Pilot Killed During Reno Air Races Engine Test

Pilot Killed During Reno Air Races Engine Test

“You are many steps from your dream, but start!”

The words are on the website owned by Cassutt Aircraft, which Creighton King owns. King, an aircraft designer and race pilot, was killed on Wednesday in West Jordan, Utah, in a test flight in the Cassutt 111M race airplane, Race No. 15, Last Lap Player.

As per the West Jordan Police Department, the accident occurred following 12:30 p.m. PDT on Wednesday. King was taking off Runway 16 at South Valley Regional Airport (U42), about 13 miles south of Salt Lake City. The runway is 5,862 feet in 100 feet.

The report from the National Transportation Safety Board (NTSB), “the plane went through a fence, walked across the street, then was able to land at the northern end of the roadway. A NTSB investigator was at the scene within a matter of hours after the accident.”

One witness informed the local media that the plane was at a low altitude when it turned left and sank into the ground. The photos of the plane’s wreckage on the streets depict an aircraft that hit the ground hard and shattered.

Two passersby attempted to give CPR to King, but the attempt was unsuccessful.

King lived at home in Salt Lake City. His website describes cycling to the airport and washing aircraft to earn rides. He constructed and rebuilt numerous aircraft in his lifetime. He was an instructor for over 30 years. He earned his license in his teen years.

King’s family and friends refer to him as a skilled and proficient pilot and mechanic for aviation who was familiar with the aircraft because he built the airplane, rebuilt it, and played on it in preparation for the coming National Championship Air Races at Reno. The plane had also been used in various Formula 1 races around the globe.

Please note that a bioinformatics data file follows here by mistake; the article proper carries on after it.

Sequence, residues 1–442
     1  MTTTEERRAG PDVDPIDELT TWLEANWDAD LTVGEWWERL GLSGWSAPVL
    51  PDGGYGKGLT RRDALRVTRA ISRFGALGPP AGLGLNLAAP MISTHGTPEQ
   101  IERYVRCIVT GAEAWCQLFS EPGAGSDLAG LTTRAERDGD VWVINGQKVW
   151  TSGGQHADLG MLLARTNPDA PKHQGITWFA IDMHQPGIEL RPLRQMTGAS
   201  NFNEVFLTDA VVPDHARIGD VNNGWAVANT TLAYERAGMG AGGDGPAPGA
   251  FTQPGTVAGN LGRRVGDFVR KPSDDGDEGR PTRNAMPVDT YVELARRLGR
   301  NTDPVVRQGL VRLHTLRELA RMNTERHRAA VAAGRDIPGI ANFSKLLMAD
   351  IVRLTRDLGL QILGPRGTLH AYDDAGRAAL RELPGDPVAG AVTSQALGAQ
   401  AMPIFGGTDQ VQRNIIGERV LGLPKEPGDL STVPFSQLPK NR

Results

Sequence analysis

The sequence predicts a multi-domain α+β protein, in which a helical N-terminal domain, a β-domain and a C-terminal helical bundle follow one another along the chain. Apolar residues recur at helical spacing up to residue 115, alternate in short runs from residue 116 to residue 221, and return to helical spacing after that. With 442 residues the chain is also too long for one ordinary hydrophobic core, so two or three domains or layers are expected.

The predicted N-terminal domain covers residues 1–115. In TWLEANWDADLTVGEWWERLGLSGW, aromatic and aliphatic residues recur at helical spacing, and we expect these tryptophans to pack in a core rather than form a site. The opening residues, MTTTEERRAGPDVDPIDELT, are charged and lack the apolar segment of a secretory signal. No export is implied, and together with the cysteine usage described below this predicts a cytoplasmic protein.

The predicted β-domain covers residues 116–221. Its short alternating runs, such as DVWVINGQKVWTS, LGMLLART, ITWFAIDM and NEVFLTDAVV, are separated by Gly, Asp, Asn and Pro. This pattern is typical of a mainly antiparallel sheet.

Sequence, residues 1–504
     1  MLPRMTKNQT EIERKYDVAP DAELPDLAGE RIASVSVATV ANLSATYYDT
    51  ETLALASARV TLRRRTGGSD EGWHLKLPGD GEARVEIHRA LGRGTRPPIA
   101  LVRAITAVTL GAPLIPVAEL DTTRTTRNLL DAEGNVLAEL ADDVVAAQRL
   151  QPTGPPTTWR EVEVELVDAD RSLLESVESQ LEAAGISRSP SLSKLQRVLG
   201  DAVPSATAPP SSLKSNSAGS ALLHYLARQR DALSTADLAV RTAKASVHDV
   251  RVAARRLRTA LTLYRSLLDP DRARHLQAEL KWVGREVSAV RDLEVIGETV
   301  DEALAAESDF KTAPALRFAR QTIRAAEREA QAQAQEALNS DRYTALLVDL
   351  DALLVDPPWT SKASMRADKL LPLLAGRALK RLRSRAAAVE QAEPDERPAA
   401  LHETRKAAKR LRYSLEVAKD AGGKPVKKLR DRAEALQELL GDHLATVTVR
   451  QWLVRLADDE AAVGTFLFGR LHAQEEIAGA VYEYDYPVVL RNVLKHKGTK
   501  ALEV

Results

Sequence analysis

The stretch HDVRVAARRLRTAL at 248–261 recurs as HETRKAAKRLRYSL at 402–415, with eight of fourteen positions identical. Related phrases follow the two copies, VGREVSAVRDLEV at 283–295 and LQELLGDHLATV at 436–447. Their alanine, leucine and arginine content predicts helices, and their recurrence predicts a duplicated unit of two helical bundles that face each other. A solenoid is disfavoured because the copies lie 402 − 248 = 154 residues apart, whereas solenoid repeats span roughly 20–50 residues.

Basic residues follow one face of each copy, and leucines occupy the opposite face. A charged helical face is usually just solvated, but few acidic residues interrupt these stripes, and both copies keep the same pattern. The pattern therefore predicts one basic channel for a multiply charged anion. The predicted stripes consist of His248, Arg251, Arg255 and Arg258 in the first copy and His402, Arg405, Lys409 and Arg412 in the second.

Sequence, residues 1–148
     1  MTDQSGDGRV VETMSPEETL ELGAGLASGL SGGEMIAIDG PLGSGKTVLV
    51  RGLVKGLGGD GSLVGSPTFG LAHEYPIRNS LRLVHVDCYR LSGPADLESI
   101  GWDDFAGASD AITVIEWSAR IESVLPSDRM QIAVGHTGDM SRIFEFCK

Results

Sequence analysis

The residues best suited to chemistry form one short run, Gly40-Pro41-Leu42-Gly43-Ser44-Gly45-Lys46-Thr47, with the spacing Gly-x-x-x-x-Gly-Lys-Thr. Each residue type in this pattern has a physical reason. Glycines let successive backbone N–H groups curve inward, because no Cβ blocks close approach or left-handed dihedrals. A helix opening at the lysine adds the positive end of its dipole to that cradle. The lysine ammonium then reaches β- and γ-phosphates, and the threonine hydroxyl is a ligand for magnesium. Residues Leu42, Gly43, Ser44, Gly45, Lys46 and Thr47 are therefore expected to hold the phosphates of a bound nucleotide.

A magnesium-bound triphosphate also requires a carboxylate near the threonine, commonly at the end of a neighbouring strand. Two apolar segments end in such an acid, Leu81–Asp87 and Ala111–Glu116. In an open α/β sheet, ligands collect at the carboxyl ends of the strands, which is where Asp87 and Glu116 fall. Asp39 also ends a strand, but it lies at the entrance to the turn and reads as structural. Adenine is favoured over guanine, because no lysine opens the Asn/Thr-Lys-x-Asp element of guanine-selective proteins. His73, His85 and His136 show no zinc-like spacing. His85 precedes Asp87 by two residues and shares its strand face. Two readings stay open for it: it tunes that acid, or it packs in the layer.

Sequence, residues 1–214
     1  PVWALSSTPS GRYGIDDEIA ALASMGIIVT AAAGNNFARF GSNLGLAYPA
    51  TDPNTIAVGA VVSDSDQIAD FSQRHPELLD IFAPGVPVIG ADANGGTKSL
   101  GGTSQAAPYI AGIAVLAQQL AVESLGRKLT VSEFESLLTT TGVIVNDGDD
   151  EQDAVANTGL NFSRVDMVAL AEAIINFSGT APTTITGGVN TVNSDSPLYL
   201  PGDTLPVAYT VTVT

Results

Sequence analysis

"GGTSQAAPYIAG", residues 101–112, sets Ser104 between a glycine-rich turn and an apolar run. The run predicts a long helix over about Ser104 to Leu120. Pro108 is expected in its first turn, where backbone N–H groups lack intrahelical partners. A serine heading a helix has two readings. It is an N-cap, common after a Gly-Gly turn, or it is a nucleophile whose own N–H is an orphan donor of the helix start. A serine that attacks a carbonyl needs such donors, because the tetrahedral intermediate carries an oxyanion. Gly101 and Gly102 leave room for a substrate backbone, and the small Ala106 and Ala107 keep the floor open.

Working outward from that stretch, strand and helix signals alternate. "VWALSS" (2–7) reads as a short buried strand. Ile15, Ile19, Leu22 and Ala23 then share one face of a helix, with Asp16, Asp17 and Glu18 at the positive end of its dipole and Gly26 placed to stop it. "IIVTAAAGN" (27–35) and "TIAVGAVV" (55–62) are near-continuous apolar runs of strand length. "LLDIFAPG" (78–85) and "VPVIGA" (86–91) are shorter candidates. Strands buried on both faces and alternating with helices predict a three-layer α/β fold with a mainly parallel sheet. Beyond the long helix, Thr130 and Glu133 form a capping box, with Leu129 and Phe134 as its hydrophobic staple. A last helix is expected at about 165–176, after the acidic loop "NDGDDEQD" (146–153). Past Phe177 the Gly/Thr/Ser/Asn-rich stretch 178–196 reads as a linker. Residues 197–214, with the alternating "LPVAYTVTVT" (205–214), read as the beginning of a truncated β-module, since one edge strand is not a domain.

According to the posts posted on social networks, this flight occurred to test the engine, which the pilot overhauled in preparation for the Reno Air Races. The race was within the Formula 1 category, where the airplanes can reach more than 250 mph speeds.

The destroyed airplane, as per the website, appeared to be “a traditional Cassutt 111M with a 17-foot wing and an 0-200 [engine].” King rebuilt the aircraft, resulting in what he called “a entirely new design, which is now called the CassuTT. My CassuTT is a fun ride, and I’ve described flying it as my first date in elementary school. It’s a huge improvement over previous designs.”

In addition to the aviation business, King also owned GripLockTies, zip ties with rubber lines used by many people in the aviation industry and many other areas.

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